Women ready to march in D.C., Bay Area cities

- Women from all over the country are traveling to the nation's capital this week for the Women's March on Washington.

Hundreds of thousands are expected join in. Organizers say it's not just about rights for women, but, rights for those of all sexual orientations, workers, immigrants and those with disabilities. It's a call to end violence and protect the environment.

"We will not be silent."

"I'm marching for my daughter."

These are just two messages on signs that hundreds of Tampa area women are bringing to Washington D.C.

"I bought my flight the day after the election," said Suzanne Young.

Young said she couldn't miss it - a chance to be a part of history.

"I think standing up with people who are afraid and standing up for people who are threatened or afraid is really important to me," Young said.

One goal organizers have is to send a message to all levels of government that, "we stand together in solidarity and we expect elected leaders to act to protect the rights of women, their families and their communities."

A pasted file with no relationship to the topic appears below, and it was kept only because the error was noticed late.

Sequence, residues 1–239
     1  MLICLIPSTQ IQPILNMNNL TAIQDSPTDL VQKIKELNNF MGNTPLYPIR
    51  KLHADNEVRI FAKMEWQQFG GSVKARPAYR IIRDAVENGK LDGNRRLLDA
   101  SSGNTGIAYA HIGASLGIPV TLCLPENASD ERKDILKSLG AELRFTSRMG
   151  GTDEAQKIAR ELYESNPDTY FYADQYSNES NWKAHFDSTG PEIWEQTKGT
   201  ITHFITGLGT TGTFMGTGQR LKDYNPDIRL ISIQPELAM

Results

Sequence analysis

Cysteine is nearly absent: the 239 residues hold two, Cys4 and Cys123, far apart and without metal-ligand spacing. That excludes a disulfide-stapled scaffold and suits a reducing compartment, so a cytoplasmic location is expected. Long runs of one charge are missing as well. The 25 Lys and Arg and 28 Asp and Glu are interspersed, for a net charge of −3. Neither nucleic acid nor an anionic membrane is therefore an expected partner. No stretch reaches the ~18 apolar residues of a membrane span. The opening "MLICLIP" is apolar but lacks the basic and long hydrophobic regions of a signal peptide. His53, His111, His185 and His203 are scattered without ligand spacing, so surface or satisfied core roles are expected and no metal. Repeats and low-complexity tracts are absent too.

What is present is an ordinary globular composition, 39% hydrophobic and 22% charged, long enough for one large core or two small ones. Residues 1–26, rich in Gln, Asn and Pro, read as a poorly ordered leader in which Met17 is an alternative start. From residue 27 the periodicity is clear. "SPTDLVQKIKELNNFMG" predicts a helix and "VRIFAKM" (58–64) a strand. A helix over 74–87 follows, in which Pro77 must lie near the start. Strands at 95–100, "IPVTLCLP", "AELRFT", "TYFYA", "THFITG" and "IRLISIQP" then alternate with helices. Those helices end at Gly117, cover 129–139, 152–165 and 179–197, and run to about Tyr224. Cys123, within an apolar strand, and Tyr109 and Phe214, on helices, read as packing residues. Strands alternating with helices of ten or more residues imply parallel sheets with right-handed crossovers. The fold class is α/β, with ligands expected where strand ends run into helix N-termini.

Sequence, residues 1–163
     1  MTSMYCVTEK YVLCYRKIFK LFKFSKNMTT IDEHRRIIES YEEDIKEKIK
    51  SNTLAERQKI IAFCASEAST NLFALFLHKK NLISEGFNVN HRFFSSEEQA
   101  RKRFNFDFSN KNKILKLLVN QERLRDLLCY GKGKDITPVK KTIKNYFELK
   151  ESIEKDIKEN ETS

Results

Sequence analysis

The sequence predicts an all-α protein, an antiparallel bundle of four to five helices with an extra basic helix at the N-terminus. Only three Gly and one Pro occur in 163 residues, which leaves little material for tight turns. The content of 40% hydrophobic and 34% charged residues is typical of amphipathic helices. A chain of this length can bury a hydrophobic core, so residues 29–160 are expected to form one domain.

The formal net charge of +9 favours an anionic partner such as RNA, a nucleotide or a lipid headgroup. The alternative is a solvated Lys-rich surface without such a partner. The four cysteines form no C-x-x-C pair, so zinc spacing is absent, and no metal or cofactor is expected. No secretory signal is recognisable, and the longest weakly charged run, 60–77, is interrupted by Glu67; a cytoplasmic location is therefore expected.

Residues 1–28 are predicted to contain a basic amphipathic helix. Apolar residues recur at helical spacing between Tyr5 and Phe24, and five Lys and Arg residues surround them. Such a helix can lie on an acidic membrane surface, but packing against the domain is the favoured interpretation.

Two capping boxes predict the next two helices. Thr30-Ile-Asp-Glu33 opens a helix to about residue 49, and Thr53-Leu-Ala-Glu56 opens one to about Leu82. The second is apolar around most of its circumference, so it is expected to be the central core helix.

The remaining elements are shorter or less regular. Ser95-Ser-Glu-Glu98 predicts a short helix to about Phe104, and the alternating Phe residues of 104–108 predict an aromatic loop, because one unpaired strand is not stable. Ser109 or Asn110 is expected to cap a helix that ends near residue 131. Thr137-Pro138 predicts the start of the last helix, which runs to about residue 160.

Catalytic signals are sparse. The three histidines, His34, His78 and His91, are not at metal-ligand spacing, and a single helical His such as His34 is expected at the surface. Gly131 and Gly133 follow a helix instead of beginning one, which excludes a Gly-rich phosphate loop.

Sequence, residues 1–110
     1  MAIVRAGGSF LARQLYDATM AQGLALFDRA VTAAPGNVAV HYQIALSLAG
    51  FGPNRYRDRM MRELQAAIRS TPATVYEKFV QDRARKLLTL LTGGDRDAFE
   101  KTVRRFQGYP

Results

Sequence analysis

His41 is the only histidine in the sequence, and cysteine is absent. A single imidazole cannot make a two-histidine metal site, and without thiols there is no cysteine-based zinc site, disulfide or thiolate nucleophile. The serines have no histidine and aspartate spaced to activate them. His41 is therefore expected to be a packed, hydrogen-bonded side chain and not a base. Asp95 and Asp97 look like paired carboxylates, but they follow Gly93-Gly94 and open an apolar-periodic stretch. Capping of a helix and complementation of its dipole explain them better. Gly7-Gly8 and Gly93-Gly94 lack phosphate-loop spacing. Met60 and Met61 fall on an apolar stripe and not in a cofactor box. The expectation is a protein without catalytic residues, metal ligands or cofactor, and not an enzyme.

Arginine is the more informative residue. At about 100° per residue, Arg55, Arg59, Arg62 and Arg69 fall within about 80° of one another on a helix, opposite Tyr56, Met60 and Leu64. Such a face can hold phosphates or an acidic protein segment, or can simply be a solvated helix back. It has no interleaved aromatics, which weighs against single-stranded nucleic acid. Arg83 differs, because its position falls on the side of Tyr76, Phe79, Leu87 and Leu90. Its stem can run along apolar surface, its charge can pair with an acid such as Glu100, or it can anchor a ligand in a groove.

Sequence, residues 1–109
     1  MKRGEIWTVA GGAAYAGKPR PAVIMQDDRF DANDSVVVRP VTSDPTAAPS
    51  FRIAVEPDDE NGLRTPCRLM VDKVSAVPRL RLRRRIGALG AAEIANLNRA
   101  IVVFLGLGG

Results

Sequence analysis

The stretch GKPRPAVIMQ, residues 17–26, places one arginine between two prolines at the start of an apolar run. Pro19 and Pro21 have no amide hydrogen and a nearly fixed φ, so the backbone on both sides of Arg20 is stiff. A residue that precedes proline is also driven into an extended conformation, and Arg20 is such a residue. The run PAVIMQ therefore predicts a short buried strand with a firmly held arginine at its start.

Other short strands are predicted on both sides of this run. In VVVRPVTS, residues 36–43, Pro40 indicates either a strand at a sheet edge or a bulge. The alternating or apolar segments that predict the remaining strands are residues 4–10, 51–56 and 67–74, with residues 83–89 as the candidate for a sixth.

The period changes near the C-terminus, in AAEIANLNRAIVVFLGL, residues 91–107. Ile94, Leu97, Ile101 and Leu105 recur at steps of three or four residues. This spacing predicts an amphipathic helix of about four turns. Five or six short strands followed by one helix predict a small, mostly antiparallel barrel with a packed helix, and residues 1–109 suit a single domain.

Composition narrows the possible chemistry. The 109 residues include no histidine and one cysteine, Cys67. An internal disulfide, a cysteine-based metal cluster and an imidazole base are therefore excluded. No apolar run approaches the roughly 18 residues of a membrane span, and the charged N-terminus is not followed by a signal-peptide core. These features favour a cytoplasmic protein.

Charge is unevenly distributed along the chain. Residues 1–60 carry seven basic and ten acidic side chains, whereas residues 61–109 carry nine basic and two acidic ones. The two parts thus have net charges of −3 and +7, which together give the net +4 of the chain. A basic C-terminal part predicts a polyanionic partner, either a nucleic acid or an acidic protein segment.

"All ages, all races, all nationalities, all religions, all sexual orientations," Young said. "Everyone is welcome to participate and support each other and have this message of solidarity and this message of resistance and self determination."

300-400 people from the Tampa Bay area are going by bus, leaving Friday afternoon, marching Saturday and heading back that night. But for those who can't make the trip, Young and a few others helped organize the Women's March, St. Pete. It's called the "Women's Solidarity March for Social Justice."

"Right now, it's estimated we have registered more than 12,000 people," Young said.

Before the march, Mayor Rick Kriseman and other leaders are expected to speak on women's rights.

"I'm marching representing the national and international group of 500 women scientists," said Loren Sackett.

Sackett, a USF Assistant Professor will be there, lab coat and all.

"And, I'll probably have a sign that says 'science has no agenda'," Sackett said. "I think there is a really big support group who wants to work together and make America a more inclusive place and try to change things so everyone can be involved in our society."

There are also two marches happening in Sarasota on Saturday, one at 10 a.m. and one at noon.

The St. Pete event starts at noon at Demens Landing. Though it's called a women's march, organizers say everyone is welcome.

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